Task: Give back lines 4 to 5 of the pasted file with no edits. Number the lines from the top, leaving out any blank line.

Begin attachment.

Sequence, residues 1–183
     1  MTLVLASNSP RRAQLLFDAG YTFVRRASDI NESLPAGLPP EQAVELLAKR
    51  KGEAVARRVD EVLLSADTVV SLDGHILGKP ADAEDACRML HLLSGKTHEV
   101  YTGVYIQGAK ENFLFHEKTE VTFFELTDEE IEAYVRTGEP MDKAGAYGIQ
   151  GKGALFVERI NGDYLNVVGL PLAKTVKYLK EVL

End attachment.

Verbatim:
   101  YTGVYIQGAK ENFLFHEKTE VTFFELTDEE IEAYVRTGEP MDKAGAYGIQ
   151  GKGALFVERI NGDYLNVVGL PLAKTVKYLK EVL